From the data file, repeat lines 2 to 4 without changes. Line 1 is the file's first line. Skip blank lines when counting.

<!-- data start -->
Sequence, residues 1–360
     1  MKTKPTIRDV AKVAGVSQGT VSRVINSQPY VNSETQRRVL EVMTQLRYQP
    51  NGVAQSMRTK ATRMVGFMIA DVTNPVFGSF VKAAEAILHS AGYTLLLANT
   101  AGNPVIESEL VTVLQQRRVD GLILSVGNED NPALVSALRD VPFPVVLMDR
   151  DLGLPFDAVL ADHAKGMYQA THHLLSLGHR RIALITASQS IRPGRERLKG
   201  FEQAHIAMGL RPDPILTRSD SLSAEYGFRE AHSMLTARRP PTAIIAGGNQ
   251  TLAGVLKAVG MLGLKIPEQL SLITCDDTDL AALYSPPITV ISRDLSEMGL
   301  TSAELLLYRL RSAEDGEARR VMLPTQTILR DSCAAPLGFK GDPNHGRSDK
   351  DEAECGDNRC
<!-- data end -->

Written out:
     1  MKTKPTIRDV AKVAGVSQGT VSRVINSQPY VNSETQRRVL EVMTQLRYQP
    51  NGVAQSMRTK ATRMVGFMIA DVTNPVFGSF VKAAEAILHS AGYTLLLANT
   101  AGNPVIESEL VTVLQQRRVD GLILSVGNED NPALVSALRD VPFPVVLMDR